The Roar
The Roar


The greatest Test match fast bowlers over the last 50 years

Autoplay in... 6 (Cancel)
Up Next No more videos! Playlist is empty -
Roar Pro
10th May, 2019
3108 Reads

Fast bowling is a thing of beauty.

A pacer pegging the red cherry down is a sight to be marvelled at.

The last 50 years of Test match cricket have seen numerous great fast bowlers leave their mark. Here are the six best.

Malcolm Marshall
81 Tests, 376 wickets, average 20.95, strike rate 46.77, 22 five-fors, four 10-wicket hauls, best figures of 7/22 against England at Old Trafford in 1988.

The late West Indian pacer could do everything with the ball. He could move it both ways. He had every delivery that is available in a pace bowler’s repertoire.

He was one of the many gifted fast bowlers to come out of the Caribbean during the Windies’ era of dominance from 1975 to the mid-1990s.

Marshall has the best average for bowlers with over 200 wickets, averaging less than 25 against every nation he played and in each country he visited during his career.

Most of his career wickets were top-order batsmen – in total, 238 of his 376 wickets, or 63 per cent.

Sir Richard Hadlee
86 Tests, 431 wickets, average 22.29, strike rate 50.48, 36 five-fors, nine 10-wicket hauls, best figures of 9/52 against Australia at the Gabba in 1985.

Richard Hadlee appeals

Richard Hadlee traps another victim. (Simon Bruty /Allsport)

Initially an express pace bowler, Hadlee resorted to line and length with variations to get wickets. The strategy worked and he ended up with a marvellous record.

He has the third most five-fors in Test history behind Murali and Shane Warne. He also has the second most ten-wicket hauls in Test history after Murali.

Hadlee averaged less than 29 against every Test-playing nation and he averaged lower away from home than in New Zealand.

He has the best bowling average in Test wins at an astonishing 13.06, taking 41 per cent of his team’s wickets in those triumphs.

Sir Curtly Ambrose
98 Tests, 405 wickets, average 20.99, strike rate 54.48, 22 five-fors, three 10-wicket hauls, best figures of 8/45 against England in Bridgetown, Barbados in 1990.

The 200-centimetre giant from Antigua was a nightmare for batsman during his career.

Ambrose wanted to be a basketball player but decided to change his career path at the age of 17 on the advice of his mother.


Ambrose was one of a legion of great West Indian bowlers that dominated cricket during the ’80s and early 1990s.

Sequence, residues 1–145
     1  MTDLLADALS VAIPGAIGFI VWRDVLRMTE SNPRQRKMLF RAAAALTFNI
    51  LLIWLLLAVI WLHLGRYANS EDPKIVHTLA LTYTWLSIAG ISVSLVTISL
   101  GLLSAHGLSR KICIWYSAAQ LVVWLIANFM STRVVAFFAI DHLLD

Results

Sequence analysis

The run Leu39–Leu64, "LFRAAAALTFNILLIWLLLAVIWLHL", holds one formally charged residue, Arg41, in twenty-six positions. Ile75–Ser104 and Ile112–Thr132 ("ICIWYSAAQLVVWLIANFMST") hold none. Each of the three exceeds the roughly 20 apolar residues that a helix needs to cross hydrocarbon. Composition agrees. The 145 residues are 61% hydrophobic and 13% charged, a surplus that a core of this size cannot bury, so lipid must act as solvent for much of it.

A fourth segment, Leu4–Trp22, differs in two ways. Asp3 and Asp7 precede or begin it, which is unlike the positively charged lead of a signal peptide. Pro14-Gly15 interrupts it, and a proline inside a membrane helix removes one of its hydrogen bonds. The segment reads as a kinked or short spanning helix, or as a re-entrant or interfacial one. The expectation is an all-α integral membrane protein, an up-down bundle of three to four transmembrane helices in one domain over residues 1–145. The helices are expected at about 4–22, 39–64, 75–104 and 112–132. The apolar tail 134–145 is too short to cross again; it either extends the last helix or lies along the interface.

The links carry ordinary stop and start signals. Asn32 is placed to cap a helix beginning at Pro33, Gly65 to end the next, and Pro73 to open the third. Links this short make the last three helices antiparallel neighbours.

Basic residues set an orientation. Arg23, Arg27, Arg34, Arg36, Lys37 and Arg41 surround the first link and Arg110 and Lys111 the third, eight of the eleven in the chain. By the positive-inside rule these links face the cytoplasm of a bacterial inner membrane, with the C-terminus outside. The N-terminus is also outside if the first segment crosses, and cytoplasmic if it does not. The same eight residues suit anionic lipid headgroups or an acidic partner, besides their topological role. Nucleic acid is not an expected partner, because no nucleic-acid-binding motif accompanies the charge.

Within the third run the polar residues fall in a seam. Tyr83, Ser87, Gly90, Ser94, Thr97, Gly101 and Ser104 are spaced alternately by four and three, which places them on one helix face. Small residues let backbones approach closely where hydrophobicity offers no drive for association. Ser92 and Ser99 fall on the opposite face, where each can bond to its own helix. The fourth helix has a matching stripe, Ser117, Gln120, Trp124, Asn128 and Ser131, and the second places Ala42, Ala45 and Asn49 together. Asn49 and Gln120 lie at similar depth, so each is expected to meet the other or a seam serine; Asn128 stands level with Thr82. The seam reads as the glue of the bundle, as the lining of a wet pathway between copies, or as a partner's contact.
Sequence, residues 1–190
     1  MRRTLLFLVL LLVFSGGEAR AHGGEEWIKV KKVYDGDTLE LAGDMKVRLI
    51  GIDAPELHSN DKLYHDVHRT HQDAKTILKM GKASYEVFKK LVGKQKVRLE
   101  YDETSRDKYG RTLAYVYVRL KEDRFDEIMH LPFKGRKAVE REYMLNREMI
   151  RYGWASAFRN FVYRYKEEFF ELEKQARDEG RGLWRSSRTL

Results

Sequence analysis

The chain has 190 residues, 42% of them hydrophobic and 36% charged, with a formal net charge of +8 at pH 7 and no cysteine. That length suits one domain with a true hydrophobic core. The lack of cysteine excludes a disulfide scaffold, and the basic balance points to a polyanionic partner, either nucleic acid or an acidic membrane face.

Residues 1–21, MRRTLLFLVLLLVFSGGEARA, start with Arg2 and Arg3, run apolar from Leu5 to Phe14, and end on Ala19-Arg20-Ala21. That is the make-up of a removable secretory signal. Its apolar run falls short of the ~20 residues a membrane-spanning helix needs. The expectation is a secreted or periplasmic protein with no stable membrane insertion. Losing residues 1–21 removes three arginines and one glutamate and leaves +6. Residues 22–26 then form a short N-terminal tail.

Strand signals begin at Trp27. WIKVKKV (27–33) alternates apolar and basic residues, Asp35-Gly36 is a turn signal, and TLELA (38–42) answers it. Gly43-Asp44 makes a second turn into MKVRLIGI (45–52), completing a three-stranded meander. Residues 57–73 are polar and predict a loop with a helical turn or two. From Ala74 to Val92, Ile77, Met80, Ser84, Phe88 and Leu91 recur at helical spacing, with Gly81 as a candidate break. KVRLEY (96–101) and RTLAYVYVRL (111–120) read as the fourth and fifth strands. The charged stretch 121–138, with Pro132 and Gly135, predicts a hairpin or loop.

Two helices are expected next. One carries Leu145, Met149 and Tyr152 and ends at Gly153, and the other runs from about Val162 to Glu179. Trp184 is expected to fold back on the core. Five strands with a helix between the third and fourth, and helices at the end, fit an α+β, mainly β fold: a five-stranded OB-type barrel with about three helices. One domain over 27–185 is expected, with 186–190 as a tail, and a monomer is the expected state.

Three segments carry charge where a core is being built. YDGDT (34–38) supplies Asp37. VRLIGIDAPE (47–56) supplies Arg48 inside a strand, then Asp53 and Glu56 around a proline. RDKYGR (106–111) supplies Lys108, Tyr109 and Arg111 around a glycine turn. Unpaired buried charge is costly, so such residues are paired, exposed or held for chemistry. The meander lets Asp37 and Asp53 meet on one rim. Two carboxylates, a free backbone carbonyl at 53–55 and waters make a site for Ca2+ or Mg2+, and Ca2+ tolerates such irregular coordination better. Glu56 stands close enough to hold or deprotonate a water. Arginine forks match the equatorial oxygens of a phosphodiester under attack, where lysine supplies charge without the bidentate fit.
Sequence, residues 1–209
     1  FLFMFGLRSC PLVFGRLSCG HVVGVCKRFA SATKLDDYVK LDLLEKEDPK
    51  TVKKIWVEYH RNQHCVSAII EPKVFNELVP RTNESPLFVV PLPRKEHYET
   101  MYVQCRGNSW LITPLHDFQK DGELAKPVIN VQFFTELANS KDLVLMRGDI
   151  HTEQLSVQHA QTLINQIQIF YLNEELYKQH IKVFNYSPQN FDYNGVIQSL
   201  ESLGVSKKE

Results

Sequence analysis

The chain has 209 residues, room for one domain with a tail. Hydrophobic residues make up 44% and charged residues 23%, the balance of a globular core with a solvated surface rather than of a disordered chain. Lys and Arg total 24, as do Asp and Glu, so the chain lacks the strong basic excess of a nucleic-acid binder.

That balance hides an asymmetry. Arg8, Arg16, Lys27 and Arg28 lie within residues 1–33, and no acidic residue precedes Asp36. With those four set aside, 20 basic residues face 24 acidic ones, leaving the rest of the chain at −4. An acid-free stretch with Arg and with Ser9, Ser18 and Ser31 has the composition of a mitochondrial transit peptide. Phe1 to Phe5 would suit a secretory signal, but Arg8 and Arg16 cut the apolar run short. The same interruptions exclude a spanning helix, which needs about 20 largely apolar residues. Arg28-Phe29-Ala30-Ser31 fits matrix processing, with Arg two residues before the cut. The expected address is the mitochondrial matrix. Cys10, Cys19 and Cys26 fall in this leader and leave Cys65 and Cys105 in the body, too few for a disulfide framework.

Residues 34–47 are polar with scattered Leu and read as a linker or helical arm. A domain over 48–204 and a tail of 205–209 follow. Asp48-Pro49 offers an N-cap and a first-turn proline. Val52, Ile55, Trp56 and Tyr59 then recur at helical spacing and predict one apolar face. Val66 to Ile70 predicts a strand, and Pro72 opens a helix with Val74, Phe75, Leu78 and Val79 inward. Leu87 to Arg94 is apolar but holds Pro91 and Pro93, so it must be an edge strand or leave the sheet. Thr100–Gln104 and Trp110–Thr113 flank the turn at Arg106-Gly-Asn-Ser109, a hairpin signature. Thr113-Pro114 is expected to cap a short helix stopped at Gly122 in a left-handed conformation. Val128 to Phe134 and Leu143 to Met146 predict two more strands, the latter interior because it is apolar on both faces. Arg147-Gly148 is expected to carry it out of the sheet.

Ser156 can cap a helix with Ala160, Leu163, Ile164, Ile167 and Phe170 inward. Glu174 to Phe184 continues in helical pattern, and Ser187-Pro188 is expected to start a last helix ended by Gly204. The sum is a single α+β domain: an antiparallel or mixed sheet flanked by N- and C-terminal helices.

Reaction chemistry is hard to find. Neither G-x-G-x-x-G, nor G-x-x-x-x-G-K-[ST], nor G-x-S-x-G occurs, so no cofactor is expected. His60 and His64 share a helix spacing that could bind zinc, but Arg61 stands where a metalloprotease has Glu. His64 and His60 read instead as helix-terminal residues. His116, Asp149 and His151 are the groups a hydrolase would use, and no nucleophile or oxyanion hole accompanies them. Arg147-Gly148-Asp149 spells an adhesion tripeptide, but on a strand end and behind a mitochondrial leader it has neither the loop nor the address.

He has the best bowling average against England, with 164 wickets at 18.79.

Ambrose formed the most successful bowling pair in Tests with fellow West Indian great Courtney Walsh. Walsh and Ambrose played 95 Tests together, picking up a staggering 762 wickets at 22.26 as a pair.

Glenn McGrath
124 Tests, 563 wickets, average 21.64, strike rate 51.95, 29 five-fors and three 10-wicket hauls, best figures of 8/24 against Pakistan at the WACA in 2004.

The tall and lanky pacer from Dubbo relied heavily on the strategy of accuracy with subtle variations to reap rewards at the highest level.

The man nicknamed Pigeon troubled batsman from all over the world – even great players like Sachin Tendulkar and Brian Lara had their fair share of troubles in negotiating the great Aussie fast bowler.

He dismissed Lara a record 18 times, and former England skipper Mike Atherton 19.

McGrath has an astonishing record at Lords, playing three Tests, picking up 26 wickets at an average of 11.


He became the first bowler to play 100 Tests for Australia and he has the second best figures for his country, with 8/24 against Pakistan in 2004 at the WACA.

He played 30 Tests against England and won 22 of them, taking 10 five-fors against the arch-rivals.

He was the second pace bowler to go past 500 Test match wickets after Courtney Walsh, and the first pacer to go past 550.

McGrath and Shane Warne have the best overall record as a bowling pair, with 1001 wickets from 101 Tests together.

Dennis Lillee
70 Tests, 355 wickets, average 23.9, 23 five-fors, seven 10-wicket hauls, best figures of 7/83 against the West Indies at the MCG in 1981.

Dennis Lillee and Jeff Thomson together in England

Has there been a more lethal partnership than Lillee and Thommo? (Photo by PA Images via Getty Images)

DK Lillee, the legendary pace bowler from Western Australia, tormented opposition batsmen throughout his career.

Despite suffering from stress fractures that kept him out of the game for a long period of time, Lillee accumulated a great record. He did struggle in Asia and the West Indies, but he only played a few games in those regions.


He has the record of the most ten-wicket hauls in Ashes history along with three other bowlers, as well as 11 five-fors, second only to Sid Barnes.

In the 29 Test matches he played against the English, Lillee picked up 167 wickets at 21.

Wasim Akram
104 matches, 414 wickets, average 23.62, strike rate 54.65, 25 five-fors, five 10-wicket hauls, best figures of 7/119 against New Zealand at Wellington in 1994.

The greatest left-arm pacer of all time, and arguably the most skilful bowler of all time.

Akram could make the ball talk and was a fine exponent of reverse swing.


He is one of four bowlers to claim two Test hat tricks, achieving the feat by claiming back-to-back hat tricks against Sri Lanka in consecutive games. He also has the third most number of man-of-the-match awards with 17.

Akram formed a lethal fast-bowling partnership with Waqar Younis, taking 555 wickets from the 107 Tests they played together.

His record in the subcontinent – which is considered a graveyard for pace bowlers – reads 57 matches, 211 wickets, an average of 22.67, and a strike rate of 52.9.